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12 Tips to Run a User Interview

Whether you are developing a new product or updating an existing one, one of your starting points should be talking to users. Getting to know more about how your product is being used, what the perceived differences between your product and the competitors are, and understanding the “must have” benefit of your product in the eyes of your most passionate users are a few invaluable insights you can acquire from talking with users.

Below I’ve compiled a list of good practices when conducting user interviews – enjoy! Be sure to reference Jackrabbit Mobile’s user testing kit for templates as well as our user session field guide for more information. Our digital product development firm knows the value of applying these expert techniques.

1. Decide what kind of people you’re interested in interviewing.

  • Try to focus each study on one user group only.
  • For example: K-12 school public school administrators might be considered a different user group from K-12 public school teachers.
  • Decide on criteria that would make someone unfit to be interviewed and include it in your application screener
  • For example, maybe your test is dependant on the assumption that the user knows how to use an iPad. Ask “How comfortable are you using an iPad?” and exclude those from consideration who answer lower than a certain threshold.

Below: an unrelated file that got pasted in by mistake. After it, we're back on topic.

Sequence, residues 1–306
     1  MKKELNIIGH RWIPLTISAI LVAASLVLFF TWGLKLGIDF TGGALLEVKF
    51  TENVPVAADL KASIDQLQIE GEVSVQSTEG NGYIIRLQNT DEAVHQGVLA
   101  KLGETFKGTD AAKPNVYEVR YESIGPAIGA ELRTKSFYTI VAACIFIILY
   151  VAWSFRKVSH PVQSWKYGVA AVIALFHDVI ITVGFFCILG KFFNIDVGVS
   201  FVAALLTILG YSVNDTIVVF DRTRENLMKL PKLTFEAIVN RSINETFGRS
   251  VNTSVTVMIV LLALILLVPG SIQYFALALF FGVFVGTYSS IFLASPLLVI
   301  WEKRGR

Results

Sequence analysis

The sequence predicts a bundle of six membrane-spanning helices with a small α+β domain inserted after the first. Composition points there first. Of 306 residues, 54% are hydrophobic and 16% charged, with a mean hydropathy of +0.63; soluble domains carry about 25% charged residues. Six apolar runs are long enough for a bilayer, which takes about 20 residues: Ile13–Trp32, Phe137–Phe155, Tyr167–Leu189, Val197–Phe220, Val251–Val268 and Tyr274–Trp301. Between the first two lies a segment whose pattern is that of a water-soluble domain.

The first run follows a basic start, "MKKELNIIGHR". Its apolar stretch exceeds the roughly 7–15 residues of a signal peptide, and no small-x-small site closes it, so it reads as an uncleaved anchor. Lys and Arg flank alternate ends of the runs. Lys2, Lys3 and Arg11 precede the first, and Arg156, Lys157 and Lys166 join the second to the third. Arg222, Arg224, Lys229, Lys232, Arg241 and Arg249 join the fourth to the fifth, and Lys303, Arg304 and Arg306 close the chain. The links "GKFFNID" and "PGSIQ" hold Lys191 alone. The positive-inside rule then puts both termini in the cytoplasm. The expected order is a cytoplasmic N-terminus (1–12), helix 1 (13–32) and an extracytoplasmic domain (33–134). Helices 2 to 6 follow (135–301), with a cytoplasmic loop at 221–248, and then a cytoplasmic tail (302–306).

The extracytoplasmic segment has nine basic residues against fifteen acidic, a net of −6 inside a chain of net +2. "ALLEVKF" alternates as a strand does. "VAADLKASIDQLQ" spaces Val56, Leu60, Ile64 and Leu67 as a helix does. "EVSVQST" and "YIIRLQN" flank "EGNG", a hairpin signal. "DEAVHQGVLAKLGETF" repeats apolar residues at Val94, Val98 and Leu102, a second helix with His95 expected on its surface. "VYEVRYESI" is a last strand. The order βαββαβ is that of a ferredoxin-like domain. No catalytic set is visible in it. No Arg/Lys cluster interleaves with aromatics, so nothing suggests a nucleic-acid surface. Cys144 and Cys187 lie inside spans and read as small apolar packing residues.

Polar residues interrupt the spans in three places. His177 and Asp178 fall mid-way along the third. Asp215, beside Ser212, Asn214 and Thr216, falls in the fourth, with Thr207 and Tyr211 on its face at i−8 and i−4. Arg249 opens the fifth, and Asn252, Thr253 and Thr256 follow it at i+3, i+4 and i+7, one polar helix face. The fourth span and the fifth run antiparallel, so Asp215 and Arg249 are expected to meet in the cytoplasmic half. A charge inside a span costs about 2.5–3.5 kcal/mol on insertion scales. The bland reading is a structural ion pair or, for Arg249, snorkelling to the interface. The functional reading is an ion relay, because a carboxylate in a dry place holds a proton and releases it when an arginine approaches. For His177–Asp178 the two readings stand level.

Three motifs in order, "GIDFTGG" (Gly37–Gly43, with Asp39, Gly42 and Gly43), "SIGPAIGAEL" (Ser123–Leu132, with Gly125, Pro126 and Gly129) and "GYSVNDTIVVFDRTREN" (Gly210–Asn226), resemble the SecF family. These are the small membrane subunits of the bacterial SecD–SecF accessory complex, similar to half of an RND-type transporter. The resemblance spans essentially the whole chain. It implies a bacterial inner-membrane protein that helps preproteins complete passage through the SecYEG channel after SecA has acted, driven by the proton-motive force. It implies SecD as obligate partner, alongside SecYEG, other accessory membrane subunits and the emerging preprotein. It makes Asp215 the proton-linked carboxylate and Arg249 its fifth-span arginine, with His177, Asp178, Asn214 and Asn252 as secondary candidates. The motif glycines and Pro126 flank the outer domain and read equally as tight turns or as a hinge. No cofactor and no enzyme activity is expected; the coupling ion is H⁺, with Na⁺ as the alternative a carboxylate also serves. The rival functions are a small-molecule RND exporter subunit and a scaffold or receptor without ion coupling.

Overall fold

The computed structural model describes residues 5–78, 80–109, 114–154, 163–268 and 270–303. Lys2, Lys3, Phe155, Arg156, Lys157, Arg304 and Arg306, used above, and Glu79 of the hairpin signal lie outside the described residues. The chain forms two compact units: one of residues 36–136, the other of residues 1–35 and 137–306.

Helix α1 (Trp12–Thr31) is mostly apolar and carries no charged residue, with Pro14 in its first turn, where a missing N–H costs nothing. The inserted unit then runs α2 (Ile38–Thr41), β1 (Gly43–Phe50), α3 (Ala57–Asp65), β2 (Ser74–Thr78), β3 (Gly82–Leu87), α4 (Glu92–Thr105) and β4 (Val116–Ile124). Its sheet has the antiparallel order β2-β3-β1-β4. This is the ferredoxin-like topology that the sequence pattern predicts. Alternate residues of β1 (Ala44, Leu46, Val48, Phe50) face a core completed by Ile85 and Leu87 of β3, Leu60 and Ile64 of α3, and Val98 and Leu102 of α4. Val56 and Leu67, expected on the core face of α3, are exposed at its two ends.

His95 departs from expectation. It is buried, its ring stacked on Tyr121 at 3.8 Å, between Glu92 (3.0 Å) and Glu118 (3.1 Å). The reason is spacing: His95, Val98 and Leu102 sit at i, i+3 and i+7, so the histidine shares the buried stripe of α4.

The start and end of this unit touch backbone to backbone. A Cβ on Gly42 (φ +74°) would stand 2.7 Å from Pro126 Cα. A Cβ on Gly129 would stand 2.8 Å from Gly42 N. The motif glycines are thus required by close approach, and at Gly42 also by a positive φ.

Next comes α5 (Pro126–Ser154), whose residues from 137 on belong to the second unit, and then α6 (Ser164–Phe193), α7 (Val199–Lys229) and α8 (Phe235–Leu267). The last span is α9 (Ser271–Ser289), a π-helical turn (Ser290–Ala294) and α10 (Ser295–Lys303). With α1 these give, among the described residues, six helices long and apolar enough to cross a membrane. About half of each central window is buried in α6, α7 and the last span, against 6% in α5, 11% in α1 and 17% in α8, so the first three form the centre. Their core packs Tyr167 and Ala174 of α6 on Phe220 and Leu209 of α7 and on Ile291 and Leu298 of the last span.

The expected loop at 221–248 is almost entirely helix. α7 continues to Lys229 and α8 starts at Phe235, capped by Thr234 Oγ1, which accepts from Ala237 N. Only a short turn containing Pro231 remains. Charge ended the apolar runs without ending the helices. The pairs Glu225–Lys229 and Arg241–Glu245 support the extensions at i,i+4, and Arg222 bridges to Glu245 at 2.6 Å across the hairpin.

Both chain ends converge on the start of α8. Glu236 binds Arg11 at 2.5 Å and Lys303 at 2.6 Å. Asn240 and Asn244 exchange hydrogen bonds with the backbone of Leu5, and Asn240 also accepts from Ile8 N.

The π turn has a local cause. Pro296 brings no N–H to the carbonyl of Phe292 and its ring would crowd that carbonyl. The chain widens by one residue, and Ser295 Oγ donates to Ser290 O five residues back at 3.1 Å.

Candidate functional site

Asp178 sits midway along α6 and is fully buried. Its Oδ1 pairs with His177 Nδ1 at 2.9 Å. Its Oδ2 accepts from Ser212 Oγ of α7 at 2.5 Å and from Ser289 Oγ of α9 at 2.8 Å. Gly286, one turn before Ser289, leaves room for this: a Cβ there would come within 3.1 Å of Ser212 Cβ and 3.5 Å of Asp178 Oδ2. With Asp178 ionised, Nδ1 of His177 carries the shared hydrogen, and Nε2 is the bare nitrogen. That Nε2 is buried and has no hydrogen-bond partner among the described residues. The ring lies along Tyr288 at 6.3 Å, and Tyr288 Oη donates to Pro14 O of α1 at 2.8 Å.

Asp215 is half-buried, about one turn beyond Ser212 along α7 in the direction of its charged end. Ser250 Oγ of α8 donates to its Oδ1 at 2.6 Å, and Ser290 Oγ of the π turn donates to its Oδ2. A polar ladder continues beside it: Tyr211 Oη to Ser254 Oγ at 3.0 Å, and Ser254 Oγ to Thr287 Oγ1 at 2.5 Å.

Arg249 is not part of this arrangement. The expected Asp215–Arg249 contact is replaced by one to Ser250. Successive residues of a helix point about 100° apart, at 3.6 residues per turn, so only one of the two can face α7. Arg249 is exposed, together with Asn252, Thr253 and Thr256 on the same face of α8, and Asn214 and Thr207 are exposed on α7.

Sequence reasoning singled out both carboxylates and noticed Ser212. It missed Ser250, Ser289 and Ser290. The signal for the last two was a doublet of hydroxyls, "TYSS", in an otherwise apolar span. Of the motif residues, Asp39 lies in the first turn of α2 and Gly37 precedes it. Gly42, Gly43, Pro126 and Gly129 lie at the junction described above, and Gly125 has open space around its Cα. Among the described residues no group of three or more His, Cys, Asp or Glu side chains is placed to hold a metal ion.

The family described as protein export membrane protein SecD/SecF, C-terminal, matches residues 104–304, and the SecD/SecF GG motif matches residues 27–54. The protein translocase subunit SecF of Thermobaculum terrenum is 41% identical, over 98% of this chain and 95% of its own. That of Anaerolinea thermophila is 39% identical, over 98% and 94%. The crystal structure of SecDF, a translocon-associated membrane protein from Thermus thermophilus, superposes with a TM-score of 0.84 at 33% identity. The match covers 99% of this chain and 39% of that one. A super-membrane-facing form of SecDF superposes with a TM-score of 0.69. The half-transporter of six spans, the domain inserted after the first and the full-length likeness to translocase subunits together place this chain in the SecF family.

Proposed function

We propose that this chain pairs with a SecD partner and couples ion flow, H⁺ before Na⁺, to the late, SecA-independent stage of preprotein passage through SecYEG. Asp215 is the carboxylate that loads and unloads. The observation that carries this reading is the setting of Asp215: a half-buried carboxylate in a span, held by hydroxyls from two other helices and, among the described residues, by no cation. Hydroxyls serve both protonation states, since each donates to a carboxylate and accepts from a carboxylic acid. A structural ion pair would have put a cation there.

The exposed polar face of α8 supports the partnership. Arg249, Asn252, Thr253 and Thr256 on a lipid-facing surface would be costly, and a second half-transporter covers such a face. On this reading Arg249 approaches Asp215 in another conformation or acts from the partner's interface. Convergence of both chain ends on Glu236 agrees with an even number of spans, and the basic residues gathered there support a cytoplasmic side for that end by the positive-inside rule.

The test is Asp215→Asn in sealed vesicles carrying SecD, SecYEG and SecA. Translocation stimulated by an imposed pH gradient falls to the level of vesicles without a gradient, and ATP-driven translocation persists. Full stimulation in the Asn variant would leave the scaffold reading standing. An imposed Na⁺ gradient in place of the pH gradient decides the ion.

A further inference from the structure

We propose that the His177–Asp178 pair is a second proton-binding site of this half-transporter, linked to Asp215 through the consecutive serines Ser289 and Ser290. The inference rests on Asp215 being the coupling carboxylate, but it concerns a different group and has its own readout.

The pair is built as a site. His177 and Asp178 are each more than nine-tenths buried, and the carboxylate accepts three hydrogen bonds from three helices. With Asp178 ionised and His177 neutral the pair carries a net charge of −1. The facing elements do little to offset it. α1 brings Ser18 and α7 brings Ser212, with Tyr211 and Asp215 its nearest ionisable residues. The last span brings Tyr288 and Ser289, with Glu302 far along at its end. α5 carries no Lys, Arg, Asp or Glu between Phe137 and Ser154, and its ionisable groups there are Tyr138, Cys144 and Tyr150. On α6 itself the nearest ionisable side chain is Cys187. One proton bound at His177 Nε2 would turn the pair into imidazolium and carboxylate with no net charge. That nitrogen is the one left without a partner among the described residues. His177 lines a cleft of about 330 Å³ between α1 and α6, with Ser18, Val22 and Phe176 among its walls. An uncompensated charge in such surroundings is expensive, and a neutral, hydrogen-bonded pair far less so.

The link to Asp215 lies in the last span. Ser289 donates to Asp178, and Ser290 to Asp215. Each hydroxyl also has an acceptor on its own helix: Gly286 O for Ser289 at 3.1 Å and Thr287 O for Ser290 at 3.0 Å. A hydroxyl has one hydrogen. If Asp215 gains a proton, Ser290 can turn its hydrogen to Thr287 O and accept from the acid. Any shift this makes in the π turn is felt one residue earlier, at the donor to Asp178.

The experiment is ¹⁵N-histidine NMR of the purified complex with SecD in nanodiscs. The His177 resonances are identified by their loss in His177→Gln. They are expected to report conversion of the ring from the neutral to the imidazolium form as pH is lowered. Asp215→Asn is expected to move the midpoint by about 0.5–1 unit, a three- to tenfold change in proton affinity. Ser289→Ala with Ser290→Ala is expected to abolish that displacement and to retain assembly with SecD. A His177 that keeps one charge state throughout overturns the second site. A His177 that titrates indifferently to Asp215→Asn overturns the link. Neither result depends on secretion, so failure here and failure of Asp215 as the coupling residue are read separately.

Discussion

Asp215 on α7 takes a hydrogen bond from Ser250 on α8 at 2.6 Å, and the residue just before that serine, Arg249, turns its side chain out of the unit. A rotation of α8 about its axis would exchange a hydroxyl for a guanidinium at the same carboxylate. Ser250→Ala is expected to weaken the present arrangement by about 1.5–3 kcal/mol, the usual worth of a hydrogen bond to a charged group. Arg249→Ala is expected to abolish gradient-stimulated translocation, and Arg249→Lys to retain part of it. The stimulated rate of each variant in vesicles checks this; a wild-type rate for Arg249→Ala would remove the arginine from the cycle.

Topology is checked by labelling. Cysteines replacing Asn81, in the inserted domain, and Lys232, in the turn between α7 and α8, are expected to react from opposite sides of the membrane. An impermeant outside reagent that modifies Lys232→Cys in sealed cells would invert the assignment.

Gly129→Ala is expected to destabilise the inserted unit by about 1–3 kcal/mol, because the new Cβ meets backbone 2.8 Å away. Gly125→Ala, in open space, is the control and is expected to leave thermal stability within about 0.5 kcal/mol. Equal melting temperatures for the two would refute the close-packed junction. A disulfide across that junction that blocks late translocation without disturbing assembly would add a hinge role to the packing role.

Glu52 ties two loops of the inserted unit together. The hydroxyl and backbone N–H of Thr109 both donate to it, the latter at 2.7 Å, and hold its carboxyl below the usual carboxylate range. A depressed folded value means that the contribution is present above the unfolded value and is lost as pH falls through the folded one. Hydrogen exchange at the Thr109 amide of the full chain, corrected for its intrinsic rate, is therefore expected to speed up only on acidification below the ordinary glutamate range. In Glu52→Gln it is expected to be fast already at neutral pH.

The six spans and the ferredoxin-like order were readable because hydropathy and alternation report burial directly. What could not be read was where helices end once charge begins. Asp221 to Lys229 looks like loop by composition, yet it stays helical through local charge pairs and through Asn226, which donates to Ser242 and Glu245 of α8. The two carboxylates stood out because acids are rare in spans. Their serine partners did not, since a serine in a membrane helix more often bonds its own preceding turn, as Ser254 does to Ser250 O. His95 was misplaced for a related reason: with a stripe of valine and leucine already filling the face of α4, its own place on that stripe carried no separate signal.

2. Drill down on secondary criteria that will make for a more telling interview.

  • This will help raise the chances your interviews will lead you to a strong conclusion (positive or negative) about what you are investigating.
  • Your approach here should be as calculated as possible. (ie. Users who have logged in in the past week to the app, users who just recently created an account, users with a score greater than 100, etc)

3. Form a hypothesis.

  • This forces you to focus on the levers you’re hoping to pull when testing, and that you are entering your test with a purpose.

4. Reach out to potential testers.

  • These people can be people you already have a previous relationship with, or a random sample of people with no prior experience with your brand or product. If you’re working on a product that doesn’t currently exist and you don’t have an email list to tap into, reference our usability session application form for a template for reaching out to users.
  • On the other hand, if you already have an app, you can pull email addresses and phone numbers from your server that has been filtered by any criteria you specify. Parse makes this especially easy.

5. Be sure to get a wide spectrum of users.

  • If you’re pulling users to interview from a database your company already has, and you’re having users log in with Facebook or Twitter you will have users’ Facebook ID.
  • Once you’ve decided on who you’re going to email and ask to interview, open a new tab in your browser and type “[FacebookID]” to check out their Facebook profile.
  • Make sure you get a representative spread of ages, genders, and ethnicities.

6. Email or call potential testers asking for 10 minutes of their time.

  • Don’t be afraid to do this before you have the interview logistics sorted and your script figured out. Scheduling before having everything finalized can be a good way to get started user testing when you have never done so before, because the
  • Be sure to introduce yourself, explain why you’re emailing them, and suggest a time for the interview to make scheduling easier. Here is an example email you can use.